Climate Change Fuelling Hurricanes


    In Context

    • Recently, Hurricane Fiona hit the Dominican Republic and Puerto Rico.

    Correlation of Climate change & hurricanes 

    • About:
      • Although scientists have not yet concluded that Fiona’s behaviour or severity was influenced by climate change, there is compelling evidence that these catastrophic storms are getting worse.
    • Change in nature of hurricanes:
      • Hurricanes are becoming wetter, windier, and generally more powerful as a result of climate change. Additionally, there is proof that it is making storms move more slowly, allowing them to dump more water in one location. 
    • Creating grounds:
      • Temperature:
        • Climate change would have caused the earth to become much hotter if it weren’t for the oceans. 
        • However, over the past 40 years, the ocean has absorbed 90% of the warming brought on by emissions of heat-trapping greenhouse gases. 
        • Near the water’s surface, the majority of this ocean heat is concentrated. 
        • Stronger winds and increased storm severity may result from this added heat. 
      • Moisture:
        • Additionally, a storm’s ability to produce more rainfall can increase due to climate change. 
        • A warmer environment can store more moisture, thus water vapour accumulates until clouds form and raindrops are released, sending down heavy rain.
    • Frequency of hurricanes:
      • The normal “season” for hurricanes is changing as a result of climate change since more months of the year are becoming storm-friendly. 
        • Additionally, hurricanes are making landfall in places that deviate greatly from the historical norm. 
      • However, it’s uncertain whether climate change is having an impact on the frequency of storms. 

    How do hurricanes form?

    • Warm ocean water and humid, moist air are the two key components needed for hurricanes. 
      • Warm seawater evaporates, releasing heat energy into the atmosphere. 
      • The storm’s winds become stronger as a result. Without it, hurricanes can’t become stronger and will eventually die.

    Cyclone, typhoon, hurricane – what’s the difference?

    • These large storms have varied names based on where and how they formed, although theoretically being the same phenomenon. 
    • Hurricane: 
      • When storms that develop over the Atlantic Ocean or the central and eastern North Pacific attain wind speeds of at least 74 miles per hour, they are referred to be “hurricanes” (119 kilometres per hour). They are referred to be “tropical storms” up until that moment. 
    • Typhoons:
      • Typhoons in East Asia are the name given to ferocious, spinning storms that develop over the Northwest Pacific.
    • Cyclones:
      • “cyclones” develop across the Indian Ocean and South Pacific.

    Impact of Climate Change in India

    • Extreme Events:
      • The Indian Meteorological Department (IMD) has sighted that 2022 has seen the second highest extreme events since 1902.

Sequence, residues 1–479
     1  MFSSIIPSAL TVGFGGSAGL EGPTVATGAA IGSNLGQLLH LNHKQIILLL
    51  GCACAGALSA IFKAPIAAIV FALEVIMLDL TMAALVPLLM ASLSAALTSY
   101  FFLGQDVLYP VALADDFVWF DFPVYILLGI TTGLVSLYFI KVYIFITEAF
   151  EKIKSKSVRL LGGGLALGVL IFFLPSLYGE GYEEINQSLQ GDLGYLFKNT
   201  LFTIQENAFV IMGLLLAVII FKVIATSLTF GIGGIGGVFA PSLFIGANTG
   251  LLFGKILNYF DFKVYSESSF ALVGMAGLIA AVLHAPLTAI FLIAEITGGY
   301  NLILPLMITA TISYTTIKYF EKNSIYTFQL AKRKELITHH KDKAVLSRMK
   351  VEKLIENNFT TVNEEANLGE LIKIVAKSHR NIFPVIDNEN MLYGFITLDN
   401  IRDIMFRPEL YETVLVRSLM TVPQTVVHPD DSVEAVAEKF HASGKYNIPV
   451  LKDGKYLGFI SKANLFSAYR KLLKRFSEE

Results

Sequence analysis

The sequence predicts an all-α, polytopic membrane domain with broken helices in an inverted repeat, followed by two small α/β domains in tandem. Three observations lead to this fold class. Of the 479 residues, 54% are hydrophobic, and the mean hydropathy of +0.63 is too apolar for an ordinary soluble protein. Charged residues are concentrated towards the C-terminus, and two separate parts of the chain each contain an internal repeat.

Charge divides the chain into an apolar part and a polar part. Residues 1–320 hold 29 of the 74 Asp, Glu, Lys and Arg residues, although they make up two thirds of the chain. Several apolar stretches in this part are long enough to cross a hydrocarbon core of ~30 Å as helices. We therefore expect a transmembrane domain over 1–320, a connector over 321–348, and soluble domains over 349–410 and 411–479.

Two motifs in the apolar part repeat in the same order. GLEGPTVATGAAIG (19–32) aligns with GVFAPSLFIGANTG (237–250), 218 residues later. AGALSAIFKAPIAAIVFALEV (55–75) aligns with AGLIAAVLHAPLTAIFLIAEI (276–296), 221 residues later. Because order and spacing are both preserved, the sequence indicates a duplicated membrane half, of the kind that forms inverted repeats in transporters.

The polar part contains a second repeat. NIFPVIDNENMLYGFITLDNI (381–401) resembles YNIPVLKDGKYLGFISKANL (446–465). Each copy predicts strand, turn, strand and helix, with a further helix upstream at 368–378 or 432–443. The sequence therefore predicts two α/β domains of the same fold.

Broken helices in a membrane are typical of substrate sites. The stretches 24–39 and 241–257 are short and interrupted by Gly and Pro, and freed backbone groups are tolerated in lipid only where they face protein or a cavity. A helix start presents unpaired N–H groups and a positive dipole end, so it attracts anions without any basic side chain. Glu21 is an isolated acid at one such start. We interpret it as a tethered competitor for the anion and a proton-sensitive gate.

• Persistence of intense La Nina conditions, 
        • The abnormal warming of East Indian Ocean, 
        • Negative Indian Ocean Dipole (IOD), 
        • Southward movement of most of the monsoon depressions and lows and 
        • Pre-monsoon heating over the Himalayan region are melting glaciers. 
        • This is a very complex mix.
      • Recent research indicates that monsoon rainfall became less frequent but more intense in India during the latter half of the 20th century. 
    • Triple-dip la Nina:
      • WMO recently predicted that La Niña conditions, which involve a large-scale cooling of ocean surface temperatures, have strengthened in the eastern and central equatorial Pacific with an increase in trade winds.
      • India is seeing an extended spell of the La Nina, called a ‘triple dip’ La Nina which is a phenomenon lasting across three winter seasons in the northern hemisphere. 
    • Shift of monsoon weather systems:
      • Usually, monsoon systems move across Northwest India giving rains over the region there. 
      • But this year most of the monsoon weather systems have been travelling across central parts of the country, changing the area of rainfall. 
        • As a result, States such as Madhya Pradesh, Gujarat, Rajasthan and parts of Maharashtra have been recording excess rainfall this season. 
        • West Bengal, Jharkhand, Bihar and Uttar Pradesh are experiencing the worst monsoon season of the century.
        • Experts believe that these changes are here to stay, which would continue to propel extreme weather events over the entire South Asian region.
      • Worldwide implications:
        • During the last six months, entire South Asia has been reporting a series of extreme weather events. 
        • While Bangladesh, India and Pakistan have battled severe floods, China is reeling under massive drought conditions.

    Way Ahead

    • Millions of crop producers and consumers are being affected negatively with these unprecedented changes which are also raising concerns over food security.
    • Limiting warming:
      • The current atmospheric carbon dioxide (CO2) concentrations are higher than at any time in the last two million years. 
      • To align with a 1.5°C target of limiting warming, global CO2 emissions must reach net zero around 2050, with global GHG emissions reaching net-zero 15-20 years later. 
    • Slow onsets can still be taken care of through adaptation and resilience ideas but these kinds of big events are very difficult to cope with
      • That is where the main issue lies as the country would then have to divert development money to climate finance to combat climate change.

    Source: TH